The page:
While Carlo Brayda was trained as a software engineer with an Artificial Intelligence (AI) orientation, he quickly realized that he enjoyed people more than programming.
“I had this idea that it would be nice to have a marketing company, even though I didn’t really know what that was,” Brayda says.
A postgraduate course at the Chartered Institute of Marketing in London gave him a good idea of what he’d be getting into, and that led him to start his first company, Advanced Alchemy, in 1992. He served clients such as IBM, Microsoft, Sony, and Samsung and decided to sell the agency in 2003.
“I decided to do something totally different with my life and I went to work in Ethiopia as a humanitarian,” he says.
Brayda has deep family ties to Ethiopia: his mother was connected to the emperor Haile Selassie and much of that side of his family was exiled, imprisoned, or executed when the emperor was dethroned in a military coup in 1974.
“I always had this notion that when I made my money, I’d go back and try to fix the country,” says Brayda. So when he sold Advanced Alchemy, he went to Ethiopia and created a non-profit that was dedicated to poverty alleviation by enabling women to become successful entrepreneurs. “I did what I could but eventually I decided to move on because politically things were not looking so friendly,” he says.
Returning to his marketing roots, Brayda decided in 2010 to launch another agency called Gorilla (“Advanced Alchemy 2.0”), a global firm that builds and provides technology to help small and large companies manage sales channels and partnerships.
“We help companies identify the right strategy and have the right relationships with distributors, wholesalers, and managed solutions providers across the U.S. and other regions,” Brayda says.
In 2021, Gorilla acquired a SaaS company that expanded its offering to include a software product that enables users to manage reseller relationships from an SaaS portal.
Over the past several years, Gorilla has grown to 75 employees and its client base has evolved to include a large number of cybersecurity vendors, such as CheckPoint, Cisco, and many startups.
While he was growing his company, Brayda was also working with the World Economic Forum as a special constituent member, working on initiatives that involved Africa. That included discussions on tech innovation and cybersecurity. The confluence of his WEF experience and his client work in cybersecurity led Brayda to begin thinking about the issue more deeply.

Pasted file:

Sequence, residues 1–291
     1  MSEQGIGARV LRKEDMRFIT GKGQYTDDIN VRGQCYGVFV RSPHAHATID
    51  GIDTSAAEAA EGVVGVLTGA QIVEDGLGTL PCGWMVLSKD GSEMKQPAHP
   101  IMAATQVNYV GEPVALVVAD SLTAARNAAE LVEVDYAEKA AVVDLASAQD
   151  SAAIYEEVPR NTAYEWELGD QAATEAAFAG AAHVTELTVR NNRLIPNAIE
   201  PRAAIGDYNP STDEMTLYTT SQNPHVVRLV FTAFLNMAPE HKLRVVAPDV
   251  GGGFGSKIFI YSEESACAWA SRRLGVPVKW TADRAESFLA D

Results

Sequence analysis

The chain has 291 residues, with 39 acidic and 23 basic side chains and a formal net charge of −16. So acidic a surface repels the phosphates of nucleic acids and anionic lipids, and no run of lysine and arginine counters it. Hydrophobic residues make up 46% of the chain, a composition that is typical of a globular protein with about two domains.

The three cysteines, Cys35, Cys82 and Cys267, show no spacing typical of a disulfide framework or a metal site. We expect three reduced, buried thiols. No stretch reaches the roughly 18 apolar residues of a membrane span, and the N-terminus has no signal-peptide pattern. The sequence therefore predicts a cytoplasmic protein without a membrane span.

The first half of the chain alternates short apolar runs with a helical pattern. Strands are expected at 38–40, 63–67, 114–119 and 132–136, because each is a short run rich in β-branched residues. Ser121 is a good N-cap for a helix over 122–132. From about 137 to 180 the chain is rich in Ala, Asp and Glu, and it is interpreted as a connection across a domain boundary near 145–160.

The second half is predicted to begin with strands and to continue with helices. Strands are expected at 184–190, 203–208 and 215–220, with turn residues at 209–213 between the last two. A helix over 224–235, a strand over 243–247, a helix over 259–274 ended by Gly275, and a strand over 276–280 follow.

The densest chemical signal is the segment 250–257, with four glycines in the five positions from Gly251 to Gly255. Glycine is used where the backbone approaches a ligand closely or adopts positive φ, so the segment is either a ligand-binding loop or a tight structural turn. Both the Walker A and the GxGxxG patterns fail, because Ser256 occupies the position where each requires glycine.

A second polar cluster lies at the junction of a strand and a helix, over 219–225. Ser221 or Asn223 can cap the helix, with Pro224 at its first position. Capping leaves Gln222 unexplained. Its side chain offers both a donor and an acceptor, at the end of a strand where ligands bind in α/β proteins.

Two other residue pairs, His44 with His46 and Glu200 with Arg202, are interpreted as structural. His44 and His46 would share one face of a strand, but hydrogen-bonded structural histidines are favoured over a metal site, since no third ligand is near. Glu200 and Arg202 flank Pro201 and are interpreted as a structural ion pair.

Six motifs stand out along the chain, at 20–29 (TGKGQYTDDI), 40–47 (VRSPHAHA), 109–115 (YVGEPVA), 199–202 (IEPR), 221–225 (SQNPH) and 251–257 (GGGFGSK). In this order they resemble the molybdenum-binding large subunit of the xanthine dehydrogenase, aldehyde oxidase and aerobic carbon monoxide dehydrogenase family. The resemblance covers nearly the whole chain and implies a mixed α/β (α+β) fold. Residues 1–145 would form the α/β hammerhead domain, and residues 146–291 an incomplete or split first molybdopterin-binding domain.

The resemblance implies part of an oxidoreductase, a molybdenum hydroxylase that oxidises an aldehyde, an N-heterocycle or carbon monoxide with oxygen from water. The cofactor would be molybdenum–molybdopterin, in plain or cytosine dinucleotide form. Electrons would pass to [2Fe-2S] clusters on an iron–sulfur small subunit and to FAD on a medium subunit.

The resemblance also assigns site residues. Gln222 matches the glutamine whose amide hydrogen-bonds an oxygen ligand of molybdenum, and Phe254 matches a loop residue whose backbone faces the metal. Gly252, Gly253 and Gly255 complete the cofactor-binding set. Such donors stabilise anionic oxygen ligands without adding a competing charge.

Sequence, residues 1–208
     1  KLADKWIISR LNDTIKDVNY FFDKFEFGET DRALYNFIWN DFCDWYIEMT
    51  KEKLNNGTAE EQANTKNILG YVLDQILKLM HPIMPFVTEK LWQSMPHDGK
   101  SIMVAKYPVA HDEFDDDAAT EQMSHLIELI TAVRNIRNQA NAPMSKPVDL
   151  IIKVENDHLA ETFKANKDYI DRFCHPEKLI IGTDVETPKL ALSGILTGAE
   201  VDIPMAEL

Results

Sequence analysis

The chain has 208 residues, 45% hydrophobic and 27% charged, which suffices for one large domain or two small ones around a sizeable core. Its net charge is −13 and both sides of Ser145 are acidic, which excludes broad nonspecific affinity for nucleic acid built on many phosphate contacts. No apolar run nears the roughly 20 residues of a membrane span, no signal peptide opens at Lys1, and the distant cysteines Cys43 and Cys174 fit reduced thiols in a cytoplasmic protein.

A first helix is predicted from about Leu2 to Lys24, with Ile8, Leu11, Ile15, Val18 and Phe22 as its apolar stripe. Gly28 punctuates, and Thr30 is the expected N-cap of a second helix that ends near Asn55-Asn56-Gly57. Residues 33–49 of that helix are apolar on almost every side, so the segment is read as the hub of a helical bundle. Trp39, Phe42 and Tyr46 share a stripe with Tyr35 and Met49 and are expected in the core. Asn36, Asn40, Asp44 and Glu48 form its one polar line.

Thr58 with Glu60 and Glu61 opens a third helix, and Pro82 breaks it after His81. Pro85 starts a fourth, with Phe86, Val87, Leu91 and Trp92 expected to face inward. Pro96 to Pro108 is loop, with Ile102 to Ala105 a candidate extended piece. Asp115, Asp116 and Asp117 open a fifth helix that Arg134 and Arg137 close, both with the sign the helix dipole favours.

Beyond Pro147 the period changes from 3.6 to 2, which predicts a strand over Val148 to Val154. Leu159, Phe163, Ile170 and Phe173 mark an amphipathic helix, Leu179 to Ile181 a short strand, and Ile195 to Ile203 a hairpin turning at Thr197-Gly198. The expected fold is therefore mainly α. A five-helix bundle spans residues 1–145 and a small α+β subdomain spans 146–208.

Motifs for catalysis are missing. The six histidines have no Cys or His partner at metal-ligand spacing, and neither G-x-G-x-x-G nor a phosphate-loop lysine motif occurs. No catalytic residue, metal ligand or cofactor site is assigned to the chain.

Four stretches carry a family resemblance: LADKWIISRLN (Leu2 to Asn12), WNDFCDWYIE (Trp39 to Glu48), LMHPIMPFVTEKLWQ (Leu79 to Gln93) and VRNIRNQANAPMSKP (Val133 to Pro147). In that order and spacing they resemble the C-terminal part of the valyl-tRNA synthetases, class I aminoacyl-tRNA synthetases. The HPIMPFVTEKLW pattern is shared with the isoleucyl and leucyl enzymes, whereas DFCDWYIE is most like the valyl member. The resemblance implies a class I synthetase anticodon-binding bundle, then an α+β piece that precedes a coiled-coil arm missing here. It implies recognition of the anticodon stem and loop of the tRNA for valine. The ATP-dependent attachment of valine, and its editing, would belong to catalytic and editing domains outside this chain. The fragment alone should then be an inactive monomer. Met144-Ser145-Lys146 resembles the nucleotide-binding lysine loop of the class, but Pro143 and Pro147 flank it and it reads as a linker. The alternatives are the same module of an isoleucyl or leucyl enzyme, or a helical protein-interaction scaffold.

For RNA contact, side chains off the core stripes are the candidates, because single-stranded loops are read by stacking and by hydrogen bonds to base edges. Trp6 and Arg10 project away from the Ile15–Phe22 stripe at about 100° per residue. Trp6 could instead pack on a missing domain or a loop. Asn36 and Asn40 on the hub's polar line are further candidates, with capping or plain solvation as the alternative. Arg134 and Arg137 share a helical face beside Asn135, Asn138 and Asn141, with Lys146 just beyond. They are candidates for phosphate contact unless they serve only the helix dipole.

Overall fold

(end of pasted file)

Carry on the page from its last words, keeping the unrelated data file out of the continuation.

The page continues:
“When I came to the U.S. twelve years ago, I felt there was a lot of room to maneuver in terms of creating a stronger cybersecurity infrastructure through public private partnerships,” Brayda says.
So in 2020, he founded the Tortora Brayda Institute, a nonprofit think tank that brings together private and public sector leaders to take on hot topics like how to prevent ransomware and how to prevent critical infrastructure attacks.
“I think that the cybersecurity strategies of the United States and other NATO countries could benefit from a better tactical partnership implementation,” Brayda says, adding that the institute has attracted participation from senior military, counterterrorism, GAO, FBI, United Nations, and industry leaders.
The Institute includes the National AI and Cybersecurity ISAO. And, within its capabilities, it is “assembling unparalleled tools for dark web scanning” to get advance knowledge of planned cyberattacks. For instance, the Institute can unearth information that can help detect planned cyberattack plots from the dark web on critical infrastructure and the commercial sector.
While Brayda currently splits his time between Gorilla and Tortora Brayda Institute, he is planning to step down as chief executivce from his company this year and devote an increasing amount of his time to his nonprofit.
“I think (Forbes Technology Council) acts as an amplifier,” says Brayda. “It helps me build my credibility and my persona and makes me want to research topics more deeply.”
He points out that the primary benefit is “having a network of competent people who are interested in the same things that I’m interested in.”
As member leader of Forbes Technology Council cybersecurity group, Brayda taps his fellow members for feedback on a variety of topics. “I bring up some really interesting thought leadership topics and have some guest speakers to create some really exciting discussion points,” he says. “I can test these discussion points within Forbes Councils and then bring them back to the Institute.”
Article adapted from Forbes Councils, an invitation-only organization where top executives and entrepreneurs build professional skills and gain connections and visibility on Forbes.com